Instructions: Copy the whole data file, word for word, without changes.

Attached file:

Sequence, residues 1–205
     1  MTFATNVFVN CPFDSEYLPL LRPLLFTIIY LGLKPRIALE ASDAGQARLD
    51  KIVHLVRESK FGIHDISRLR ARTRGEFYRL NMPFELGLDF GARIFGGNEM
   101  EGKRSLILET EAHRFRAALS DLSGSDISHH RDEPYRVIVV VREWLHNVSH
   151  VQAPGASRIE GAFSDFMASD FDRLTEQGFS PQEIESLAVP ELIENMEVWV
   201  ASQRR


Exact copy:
Sequence, residues 1–205
     1  MTFATNVFVN CPFDSEYLPL LRPLLFTIIY LGLKPRIALE ASDAGQARLD
    51  KIVHLVRESK FGIHDISRLR ARTRGEFYRL NMPFELGLDF GARIFGGNEM
   101  EGKRSLILET EAHRFRAALS DLSGSDISHH RDEPYRVIVV VREWLHNVSH
   151  VQAPGASRIE GAFSDFMASD FDRLTEQGFS PQEIESLAVP ELIENMEVWV
   201  ASQRR